At the start of the pandemic lockdown back in March 2020, many privately owned student housing communities stayed open while the campuses themselves shut down and administrators told students to go home. As schools quickly pivoted to online learning for the remainder of the spring semester, many students continued to pay for their student housing, WealthManagement.com reported.
Students were also eager to sign on -- and keep paying rent -- for fall 2020, even though that semester was a mixed bag for college life. Some campuses stayed completely remote; some instituted a hybrid format for instruction; and others opened up completely, if only to shut down again because of outbreaks.
This month, as students geared up for the spring semester, student occupancy rates at off-campus housing are hovering around 87%, according to WealthManagement.com. But preleasing is down for fall 2021, RealPage reports. Still, it was only slightly below that of 2019. Housing close to campus (within a half-mile) was 89.2% preleased in August 2020, while those situated farther from campus dipped below 88.3%, the national average for preleases.
Will there be a return to campus in fall 2021?
Even though the vaccine distribution is making students cautiously optimistic about a triumphant homecoming in 2021, they still aren't signing leases in droves. By the end of December 2020, RealPage reports preleasing for fall 2021 is only at 25.9% of units as opposed to 32.4% of units as it was for fall 2020. To be fair, preleasing for fall 2020 started back in December 2019, before the pandemic. Knowing what we know now, it's easy to see why students are slow to sign.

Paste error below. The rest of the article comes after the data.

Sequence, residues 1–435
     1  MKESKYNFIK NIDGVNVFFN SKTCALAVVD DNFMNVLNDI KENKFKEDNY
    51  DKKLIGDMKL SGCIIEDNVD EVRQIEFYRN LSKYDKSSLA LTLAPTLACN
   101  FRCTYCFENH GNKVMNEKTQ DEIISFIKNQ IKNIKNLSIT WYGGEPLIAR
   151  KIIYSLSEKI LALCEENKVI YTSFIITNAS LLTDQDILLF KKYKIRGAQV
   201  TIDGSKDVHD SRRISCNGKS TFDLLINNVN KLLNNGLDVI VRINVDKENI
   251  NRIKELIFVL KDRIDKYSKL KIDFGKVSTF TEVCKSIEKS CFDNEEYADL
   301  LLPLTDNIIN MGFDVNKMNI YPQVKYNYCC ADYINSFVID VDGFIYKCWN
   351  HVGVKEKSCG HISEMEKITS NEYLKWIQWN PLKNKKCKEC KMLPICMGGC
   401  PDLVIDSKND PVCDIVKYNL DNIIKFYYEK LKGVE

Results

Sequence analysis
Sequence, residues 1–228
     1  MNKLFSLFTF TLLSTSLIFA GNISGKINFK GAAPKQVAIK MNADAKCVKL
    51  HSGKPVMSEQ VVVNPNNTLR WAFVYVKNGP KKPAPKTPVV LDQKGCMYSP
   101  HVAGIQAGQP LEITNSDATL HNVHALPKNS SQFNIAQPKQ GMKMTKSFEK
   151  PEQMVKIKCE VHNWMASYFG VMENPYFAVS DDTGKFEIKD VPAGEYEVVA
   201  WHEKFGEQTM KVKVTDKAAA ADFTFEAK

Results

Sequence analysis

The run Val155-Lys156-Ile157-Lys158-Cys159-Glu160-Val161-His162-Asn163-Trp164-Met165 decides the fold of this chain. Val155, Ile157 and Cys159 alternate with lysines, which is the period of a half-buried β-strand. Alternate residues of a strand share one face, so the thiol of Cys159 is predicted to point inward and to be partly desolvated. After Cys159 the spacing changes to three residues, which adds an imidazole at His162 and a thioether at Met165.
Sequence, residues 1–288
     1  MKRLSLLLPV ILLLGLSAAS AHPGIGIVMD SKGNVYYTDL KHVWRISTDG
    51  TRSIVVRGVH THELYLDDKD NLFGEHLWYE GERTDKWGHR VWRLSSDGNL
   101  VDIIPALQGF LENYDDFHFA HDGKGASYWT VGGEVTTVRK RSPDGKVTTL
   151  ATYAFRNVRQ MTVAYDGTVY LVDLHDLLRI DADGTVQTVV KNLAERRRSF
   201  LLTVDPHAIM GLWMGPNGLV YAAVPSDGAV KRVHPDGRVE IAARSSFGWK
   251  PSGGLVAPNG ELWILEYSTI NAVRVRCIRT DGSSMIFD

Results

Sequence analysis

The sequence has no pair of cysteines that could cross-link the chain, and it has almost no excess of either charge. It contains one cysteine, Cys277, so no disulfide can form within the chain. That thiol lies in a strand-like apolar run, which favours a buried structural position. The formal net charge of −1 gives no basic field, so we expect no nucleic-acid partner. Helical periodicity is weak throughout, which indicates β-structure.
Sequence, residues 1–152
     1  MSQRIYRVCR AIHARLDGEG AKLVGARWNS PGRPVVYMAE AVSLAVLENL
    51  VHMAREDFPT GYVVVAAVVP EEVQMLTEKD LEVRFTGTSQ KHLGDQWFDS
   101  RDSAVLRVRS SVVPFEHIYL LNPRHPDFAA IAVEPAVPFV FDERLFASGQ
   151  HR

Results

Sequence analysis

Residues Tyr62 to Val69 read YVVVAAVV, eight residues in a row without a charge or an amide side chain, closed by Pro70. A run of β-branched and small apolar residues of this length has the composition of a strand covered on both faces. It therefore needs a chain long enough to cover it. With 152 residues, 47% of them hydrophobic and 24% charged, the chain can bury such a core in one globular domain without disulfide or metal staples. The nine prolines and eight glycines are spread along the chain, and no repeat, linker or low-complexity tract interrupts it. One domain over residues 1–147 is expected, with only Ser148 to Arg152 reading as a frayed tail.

Why investors should remain optimistic
Campus life has been a bummer this year for sure. But there's hope for investors -- without having to cut rents or offer concessions. Here's why.
On-campus housing is crowded
Unless students come back vaccinated for the fall term, dorm rooms and suites have the potential to be 24/7 superspreader events in their own right. As a result, residence halls might not be open at full capacity, forcing students to look to off-campus housing where there's more space to live and study amongst others.
Home life might not be conducive to study
There had been some concern among investors about students continuing to stay home if instruction remained remote. But competing for space with parents who are also working remotely and younger siblings who are homeschooling is enough to send students packing back to student housing.
Study abroad plans have been grounded
Another thing that has impacted student housing situations is the cancellation or postponement of many study abroad programs due to travel restrictions. An off-campus apartment is a poor consolation prize to living in, say, Barcelona for a semester, but for some, it sure beats staying at home with the 'rents.
Students are returning from a leave of absence
Many college students, dismayed by the thought of a less-than-stellar college experience, have taken a leave of absence. Some incoming freshman might have even taken a gap year. Guess what? Many are coming back in fall 2021, and they'll need a place to live. Freshmen traditionally live on campus, but it all depends on what the residence halls can safely and responsibly handle.
The bottom line: Hope for a homecoming victory
College life is more than just studying. It's about making connections with professors and fellow students -- and yes, there's usually a party going on somewhere. Campuses have been lonely without students, staff, and faculty, and university administrators are eager to welcome everyone back. There might be some nail biting for investors in the interim, but student housing leases should be on the upswing again soon.